Cats and coronavirus

Cats and Coronavirus

Cat owners have been advised to be cautious about contact with their pets, after reports suggesting that cats are susceptible to coronavirus.

However, experts also stressed that owners should not worry unnecessarily.

In China, a small study has revealed that COVID-19 can be transmitted between cats. Five cats were inoculated with a high dose of the disease and three of them were placed in cages next to unaffected cats.

One of the previously unaffected cats later tested positive for the virus, showing that it can be transmitted to other cats through respiratory droplets if they remain in close contact.

The findings followed reports of a cat contracting coronavirus in Belgium. The feline developed breathing difficulties about a week after its owner showed symptoms of the disease and the cat subsequently tested positive for coronavirus.

And this week there were reports of a tiger in a New York zoo that has tested positive for COVID-19.

Commenting on the New York case, Dr Rachael Tarlinton, Associate Professor of Veterinary Virology at the University of Nottingham, said:

 “It’s not entirely unexpected that big cats or other zoo species might be susceptible to picking up coronavirus infection from people. There have been a very small number of cases in domestic pets (cats and dogs) that have picked it up from their owners and one experimental study that hasn’t been reviewed yet that indicated that cats might be more susceptible to this.”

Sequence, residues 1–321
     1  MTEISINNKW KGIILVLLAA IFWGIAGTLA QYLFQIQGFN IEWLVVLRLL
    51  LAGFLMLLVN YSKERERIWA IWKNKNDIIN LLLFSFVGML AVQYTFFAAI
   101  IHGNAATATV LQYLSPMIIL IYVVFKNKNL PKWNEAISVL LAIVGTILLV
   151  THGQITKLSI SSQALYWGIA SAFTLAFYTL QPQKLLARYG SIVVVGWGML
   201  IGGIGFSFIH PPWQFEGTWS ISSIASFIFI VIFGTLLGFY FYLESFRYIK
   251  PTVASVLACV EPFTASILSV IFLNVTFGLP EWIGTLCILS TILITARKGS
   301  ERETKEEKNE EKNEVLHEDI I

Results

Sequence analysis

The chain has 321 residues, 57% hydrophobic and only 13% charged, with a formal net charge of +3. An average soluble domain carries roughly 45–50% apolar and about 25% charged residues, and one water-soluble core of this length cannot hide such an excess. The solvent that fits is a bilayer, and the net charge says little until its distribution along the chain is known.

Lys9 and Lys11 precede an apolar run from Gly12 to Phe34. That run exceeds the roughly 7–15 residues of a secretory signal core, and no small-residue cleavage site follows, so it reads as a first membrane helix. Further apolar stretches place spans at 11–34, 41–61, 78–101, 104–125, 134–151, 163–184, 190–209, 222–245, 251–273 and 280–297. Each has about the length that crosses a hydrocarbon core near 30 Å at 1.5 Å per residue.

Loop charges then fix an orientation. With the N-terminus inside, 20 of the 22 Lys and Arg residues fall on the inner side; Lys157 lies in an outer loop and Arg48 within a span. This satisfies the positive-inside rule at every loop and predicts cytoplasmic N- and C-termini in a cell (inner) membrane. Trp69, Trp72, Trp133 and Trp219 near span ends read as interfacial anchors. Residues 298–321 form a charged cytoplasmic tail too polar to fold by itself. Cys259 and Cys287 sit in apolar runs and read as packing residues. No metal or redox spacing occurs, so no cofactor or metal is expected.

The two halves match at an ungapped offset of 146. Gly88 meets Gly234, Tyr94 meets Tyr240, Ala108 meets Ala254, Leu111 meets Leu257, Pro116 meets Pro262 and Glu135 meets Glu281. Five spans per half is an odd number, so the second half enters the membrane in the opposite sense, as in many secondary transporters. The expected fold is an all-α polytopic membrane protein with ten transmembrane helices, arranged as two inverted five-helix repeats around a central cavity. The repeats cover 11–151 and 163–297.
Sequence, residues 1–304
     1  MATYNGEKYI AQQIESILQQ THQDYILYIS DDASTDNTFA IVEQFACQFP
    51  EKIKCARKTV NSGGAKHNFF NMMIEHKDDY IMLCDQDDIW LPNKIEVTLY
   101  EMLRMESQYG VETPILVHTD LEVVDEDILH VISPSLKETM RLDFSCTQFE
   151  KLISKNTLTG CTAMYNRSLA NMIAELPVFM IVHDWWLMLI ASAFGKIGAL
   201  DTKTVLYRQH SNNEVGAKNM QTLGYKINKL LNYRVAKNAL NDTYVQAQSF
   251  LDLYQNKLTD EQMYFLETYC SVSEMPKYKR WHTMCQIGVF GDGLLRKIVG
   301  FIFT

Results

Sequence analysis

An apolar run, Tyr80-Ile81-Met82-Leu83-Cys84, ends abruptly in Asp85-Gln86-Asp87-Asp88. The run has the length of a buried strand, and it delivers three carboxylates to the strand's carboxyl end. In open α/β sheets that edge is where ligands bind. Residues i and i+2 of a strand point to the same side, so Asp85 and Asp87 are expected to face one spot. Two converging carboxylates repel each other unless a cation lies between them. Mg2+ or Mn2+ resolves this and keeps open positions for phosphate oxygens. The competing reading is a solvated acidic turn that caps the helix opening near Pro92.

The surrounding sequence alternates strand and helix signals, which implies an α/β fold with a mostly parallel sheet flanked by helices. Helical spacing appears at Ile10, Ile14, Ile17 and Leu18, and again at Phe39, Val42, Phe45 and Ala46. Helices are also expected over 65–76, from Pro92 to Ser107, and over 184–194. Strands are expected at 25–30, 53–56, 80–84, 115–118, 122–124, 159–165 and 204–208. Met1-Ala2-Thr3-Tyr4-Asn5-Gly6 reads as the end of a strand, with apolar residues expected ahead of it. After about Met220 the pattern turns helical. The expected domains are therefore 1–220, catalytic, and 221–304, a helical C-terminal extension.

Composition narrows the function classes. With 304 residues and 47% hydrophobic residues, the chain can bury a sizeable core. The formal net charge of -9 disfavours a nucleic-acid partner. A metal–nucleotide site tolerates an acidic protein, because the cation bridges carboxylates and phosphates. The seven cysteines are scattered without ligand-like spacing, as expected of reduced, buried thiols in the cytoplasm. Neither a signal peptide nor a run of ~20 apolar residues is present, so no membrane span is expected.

Dr Tarlinton added, however: “In none of these cases have the animals spread it to people, nor do animals get very ill themselves. It’s important to remember that the number of infected zoo and domestic animals so far has been really small, despite a lot of monitoring, and that there isn’t really any reason to think that pet dogs or cats should be treated any differently to any other family member right now.”

In an advice page on its website, Cats Protection also stressed that there is still no evidence that cats can transmit the virus to humans.

As a precaution, the charity advised owners to wash their hands thoroughly with soap and water after handling their pet - and those infected with coronavirus should take particular care to minimise contact.

That message was echoed by the Royal Veterinary College, which said in a statement: “Similar to the recommendations to the human population designed to limit spread, basic hygiene measures should always be implemented. This includes hand washing before and after being around or handling animals, their food, or supplies, as well as avoiding kissing, licking or sharing food.”

In homes where someone has COVID-19 symptoms or is classed as vulnerable, it’s recommended that cats should be kept indoors as much as possible.

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